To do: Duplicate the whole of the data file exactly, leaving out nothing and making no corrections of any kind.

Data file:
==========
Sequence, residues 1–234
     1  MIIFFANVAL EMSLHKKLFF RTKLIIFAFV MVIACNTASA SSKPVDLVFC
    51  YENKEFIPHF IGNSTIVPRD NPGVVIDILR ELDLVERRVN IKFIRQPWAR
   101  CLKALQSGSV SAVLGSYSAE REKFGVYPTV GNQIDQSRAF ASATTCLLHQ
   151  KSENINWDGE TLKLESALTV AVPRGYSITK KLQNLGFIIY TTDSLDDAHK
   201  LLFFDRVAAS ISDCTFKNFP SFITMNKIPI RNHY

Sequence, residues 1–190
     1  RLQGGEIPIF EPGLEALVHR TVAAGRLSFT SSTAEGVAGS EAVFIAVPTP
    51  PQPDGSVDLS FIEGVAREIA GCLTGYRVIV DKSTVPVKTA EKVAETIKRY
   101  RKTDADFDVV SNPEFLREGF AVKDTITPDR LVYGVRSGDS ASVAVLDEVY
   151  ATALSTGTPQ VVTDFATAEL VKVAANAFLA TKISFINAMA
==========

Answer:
Sequence, residues 1–234
     1  MIIFFANVAL EMSLHKKLFF RTKLIIFAFV MVIACNTASA SSKPVDLVFC
    51  YENKEFIPHF IGNSTIVPRD NPGVVIDILR ELDLVERRVN IKFIRQPWAR
   101  CLKALQSGSV SAVLGSYSAE REKFGVYPTV GNQIDQSRAF ASATTCLLHQ
   151  KSENINWDGE TLKLESALTV AVPRGYSITK KLQNLGFIIY TTDSLDDAHK
   201  LLFFDRVAAS ISDCTFKNFP SFITMNKIPI RNHY

Sequence, residues 1–190
     1  RLQGGEIPIF EPGLEALVHR TVAAGRLSFT SSTAEGVAGS EAVFIAVPTP
    51  PQPDGSVDLS FIEGVAREIA GCLTGYRVIV DKSTVPVKTA EKVAETIKRY
   101  RKTDADFDVV SNPEFLREGF AVKDTITPDR LVYGVRSGDS ASVAVLDEVY
   151  ATALSTGTPQ VVTDFATAEL VKVAANAFLA TKISFINAMA